Family-Related Legislative and Ordinance Update

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California employers should note the following legislative developments related to employees and their familial obligations:

  • SB 770: Governor Brown signed into law a bill that expands the list of family members for whom an employee may take off time to provide care and receive partial wage substitution. The statute previously covered parents, spouses, children, and registered domestic partners. That list now includes seriously ill siblings, grandparents, grandchildren, and parents-in-law.
  • San Francisco Family Friendly Workplace Ordinance: The San Francisco Board of Supervisors passed an ordinance that (a) gives employees the right to request flexible work schedules to meet caregiving responsibilities for children, certain ill relatives or parents age 65+ years old and (b) prohibits discrimination against employees due to their caregiver status or retaliation for requesting a flexible work schedule. The ordinance applies to employers with twenty or more employees, and provides a process by which an employee — with six months tenure and who is a caregiver or parent — may request a flexible work schedule. The ordinance contemplates that an employer may decline the request for business reasons, but requires the denial to be in writing and imposes a process for request, review, response and reconsideration of a request and record-keeping requirements. An employee whose request is denied may complain to San Francisco’s Office of Labor Standards Enforcement, who has the discretion over whether to investigate. Any such investigation will be limited to the employer’s procedural compliance with the ordinance, not its reasons for denying the request. The city may also take legal action against an employer that violates the ordinance. The ordinance provides two penalties, each measured at $50 per person per day — one payable to the aggrieved employee and the other payable to the city. According to reports, Mayor Ed Lee intends to sign the ordinance, which would take effect January 1, 2014.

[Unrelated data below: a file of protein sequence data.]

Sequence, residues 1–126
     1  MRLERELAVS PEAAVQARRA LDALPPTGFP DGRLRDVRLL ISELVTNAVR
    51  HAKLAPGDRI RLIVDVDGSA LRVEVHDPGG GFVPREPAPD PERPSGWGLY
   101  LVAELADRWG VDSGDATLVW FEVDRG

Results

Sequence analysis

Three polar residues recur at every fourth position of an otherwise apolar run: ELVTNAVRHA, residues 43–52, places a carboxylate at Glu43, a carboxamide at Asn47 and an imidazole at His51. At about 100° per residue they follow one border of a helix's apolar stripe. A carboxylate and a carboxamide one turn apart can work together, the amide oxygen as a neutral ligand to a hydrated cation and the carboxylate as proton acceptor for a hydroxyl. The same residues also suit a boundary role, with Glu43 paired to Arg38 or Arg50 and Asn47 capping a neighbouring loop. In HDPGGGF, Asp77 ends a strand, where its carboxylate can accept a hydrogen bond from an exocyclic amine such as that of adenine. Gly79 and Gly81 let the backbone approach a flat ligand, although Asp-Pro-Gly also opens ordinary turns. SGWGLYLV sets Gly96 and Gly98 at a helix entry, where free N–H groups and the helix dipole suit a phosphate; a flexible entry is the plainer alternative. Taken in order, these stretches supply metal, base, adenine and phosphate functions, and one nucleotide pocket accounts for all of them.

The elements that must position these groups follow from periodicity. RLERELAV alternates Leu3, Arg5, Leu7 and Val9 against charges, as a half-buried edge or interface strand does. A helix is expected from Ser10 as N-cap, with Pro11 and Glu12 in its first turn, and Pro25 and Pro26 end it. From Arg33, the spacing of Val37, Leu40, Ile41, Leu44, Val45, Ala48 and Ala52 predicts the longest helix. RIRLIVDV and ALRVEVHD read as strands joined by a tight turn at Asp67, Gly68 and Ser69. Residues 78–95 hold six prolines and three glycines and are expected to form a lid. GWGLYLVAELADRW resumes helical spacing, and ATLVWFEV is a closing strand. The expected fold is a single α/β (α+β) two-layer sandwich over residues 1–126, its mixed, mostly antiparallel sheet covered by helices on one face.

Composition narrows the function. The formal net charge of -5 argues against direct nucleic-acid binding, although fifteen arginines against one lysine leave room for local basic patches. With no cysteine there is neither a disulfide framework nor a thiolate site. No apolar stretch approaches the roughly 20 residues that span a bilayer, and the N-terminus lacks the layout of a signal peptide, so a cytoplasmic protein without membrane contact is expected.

Topics:  Caregivers, Discrimination, Employee Rights, Family Members, Retaliation, Wages

Published In: Labor & Employment Updates

DISCLAIMER: Because of the generality of this update, the information provided herein may not be applicable in all situations and should not be acted upon without specific legal advice based on particular situations.

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